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I have written the following UIDevice category based on different sources. I've upgraded the platformCode method so it's less low-level than can be seen.

This works perfectly, but the platformCode method is low level. Do you know if this kind of call can be replaced with Cocoa Touch code? Here's the relevant code:


@interface UIDevice (Enhanced)

typedef enum {
    kUnknownPlatform = 0,
} PlatformType;

- (NSString *) platformName;
- (PlatformType) platform;



#import "UIDevice_enhanced.h"
#include <sys/utsname.h>

@interface UIDevice (Enhanced)
- (NSString *) platformCode;

@implementation UIDevice (Enhanced)

// Utility method (private)
- (NSString*) platformCode {
    struct utsname systemInfo;
    NSString* platform =  [NSString stringWithCString:systemInfo.machine encoding:NSUTF8StringEncoding];

    return platform;

// Public method to use
- (NSString*) platformName {
    NSString* platform = [self platformCode];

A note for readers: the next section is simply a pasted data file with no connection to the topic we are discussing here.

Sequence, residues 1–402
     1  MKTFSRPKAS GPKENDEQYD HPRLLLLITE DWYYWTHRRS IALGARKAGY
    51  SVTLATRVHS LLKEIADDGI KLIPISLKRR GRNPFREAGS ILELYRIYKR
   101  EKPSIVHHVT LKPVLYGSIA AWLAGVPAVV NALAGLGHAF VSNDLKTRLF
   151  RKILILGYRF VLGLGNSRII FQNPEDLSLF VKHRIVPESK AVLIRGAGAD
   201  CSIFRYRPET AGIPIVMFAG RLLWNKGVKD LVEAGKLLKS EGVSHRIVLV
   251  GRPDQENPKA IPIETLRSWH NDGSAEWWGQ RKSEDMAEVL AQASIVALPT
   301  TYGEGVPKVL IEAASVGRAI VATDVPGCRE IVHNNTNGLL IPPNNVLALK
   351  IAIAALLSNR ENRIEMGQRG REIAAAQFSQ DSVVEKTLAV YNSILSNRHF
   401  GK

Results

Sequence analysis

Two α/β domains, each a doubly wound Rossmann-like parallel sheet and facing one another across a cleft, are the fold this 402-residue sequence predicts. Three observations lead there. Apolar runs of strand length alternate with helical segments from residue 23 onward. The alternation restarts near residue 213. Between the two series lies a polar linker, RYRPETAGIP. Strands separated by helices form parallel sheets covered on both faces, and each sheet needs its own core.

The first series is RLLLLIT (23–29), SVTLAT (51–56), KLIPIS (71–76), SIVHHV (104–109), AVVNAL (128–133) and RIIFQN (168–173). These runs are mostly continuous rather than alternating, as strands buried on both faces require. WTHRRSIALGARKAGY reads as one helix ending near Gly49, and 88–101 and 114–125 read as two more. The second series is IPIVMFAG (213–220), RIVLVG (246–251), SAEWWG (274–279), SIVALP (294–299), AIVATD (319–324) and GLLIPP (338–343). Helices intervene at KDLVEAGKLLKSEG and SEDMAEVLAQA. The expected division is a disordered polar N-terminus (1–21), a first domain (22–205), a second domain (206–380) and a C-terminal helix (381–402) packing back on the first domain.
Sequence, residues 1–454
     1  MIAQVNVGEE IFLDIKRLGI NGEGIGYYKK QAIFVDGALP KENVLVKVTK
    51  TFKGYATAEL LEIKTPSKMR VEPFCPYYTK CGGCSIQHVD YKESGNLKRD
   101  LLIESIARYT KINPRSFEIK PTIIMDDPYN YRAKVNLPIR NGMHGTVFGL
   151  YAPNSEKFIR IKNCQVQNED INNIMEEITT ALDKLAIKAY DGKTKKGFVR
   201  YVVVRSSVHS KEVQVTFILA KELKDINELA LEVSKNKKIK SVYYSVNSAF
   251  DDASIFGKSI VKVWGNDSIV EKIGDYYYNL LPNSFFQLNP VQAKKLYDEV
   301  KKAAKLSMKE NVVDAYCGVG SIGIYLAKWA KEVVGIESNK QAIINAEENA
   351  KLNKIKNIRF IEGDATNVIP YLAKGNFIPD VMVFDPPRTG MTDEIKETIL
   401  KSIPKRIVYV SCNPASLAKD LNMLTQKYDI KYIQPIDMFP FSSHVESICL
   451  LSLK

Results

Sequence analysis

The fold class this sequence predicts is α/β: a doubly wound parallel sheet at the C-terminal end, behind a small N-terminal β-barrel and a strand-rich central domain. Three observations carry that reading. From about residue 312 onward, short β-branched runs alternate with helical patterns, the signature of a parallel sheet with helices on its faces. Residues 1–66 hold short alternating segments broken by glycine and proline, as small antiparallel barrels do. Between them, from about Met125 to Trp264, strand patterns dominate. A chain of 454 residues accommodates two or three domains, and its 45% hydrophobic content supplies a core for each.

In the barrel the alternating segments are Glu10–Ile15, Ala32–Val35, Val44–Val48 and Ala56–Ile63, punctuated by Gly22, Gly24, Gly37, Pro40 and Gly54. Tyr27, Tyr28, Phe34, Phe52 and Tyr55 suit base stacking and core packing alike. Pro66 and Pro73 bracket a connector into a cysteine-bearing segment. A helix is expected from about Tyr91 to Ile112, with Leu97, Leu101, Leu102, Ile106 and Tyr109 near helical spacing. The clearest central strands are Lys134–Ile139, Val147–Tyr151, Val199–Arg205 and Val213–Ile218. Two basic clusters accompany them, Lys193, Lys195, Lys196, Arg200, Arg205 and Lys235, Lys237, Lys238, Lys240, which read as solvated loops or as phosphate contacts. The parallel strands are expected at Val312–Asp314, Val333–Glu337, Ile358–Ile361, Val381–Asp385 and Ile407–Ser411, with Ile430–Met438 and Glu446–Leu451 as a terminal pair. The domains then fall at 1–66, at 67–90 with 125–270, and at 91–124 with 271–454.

if ([platform isEqualToString:@"iPhone1,1"])    return @"iPhone 1G";
    if ([platform isEqualToString:@"iPhone1,2"])    return @"iPhone 3G";
    if ([platform isEqualToString:@"iPhone2,1"])    return @"iPhone 3GS";
    if ([platform isEqualToString:@"iPhone3,1"])    return @"iPhone 4";
    if ([platform isEqualToString:@"iPhone3,2"])    return @"Verizon iPhone 4";
    if ([platform isEqualToString:@"iPhone4,1"])    return @"iPhone 4S";
    if ([platform isEqualToString:@"iPod1,1"])      return @"iPod Touch 1G";
    if ([platform isEqualToString:@"iPod2,1"])      return @"iPod Touch 2G";
    if ([platform isEqualToString:@"iPod3,1"])      return @"iPod Touch 3G";
    if ([platform isEqualToString:@"iPod4,1"])      return @"iPod Touch 4G";
    if ([platform isEqualToString:@"iPad1,1"])      return @"iPad";
    if ([platform isEqualToString:@"iPad2,1"])      return @"iPad 2 (WiFi)";
    if ([platform isEqualToString:@"iPad2,2"])      return @"iPad 2 (GSM)";
    if ([platform isEqualToString:@"iPad2,3"])      return @"iPad 2 (CDMA)";
    if ([platform isEqualToString:@"i386"])         return @"Simulator";

    return platform;

// Public method to use
- (PlatformType) platform {
    NSString *platform = [self platformCode];
    if ([platform isEqualToString:@"iPhone1,1"])    return kiPhone1G;
    if ([platform isEqualToString:@"iPhone1,2"])    return kiPhone3G;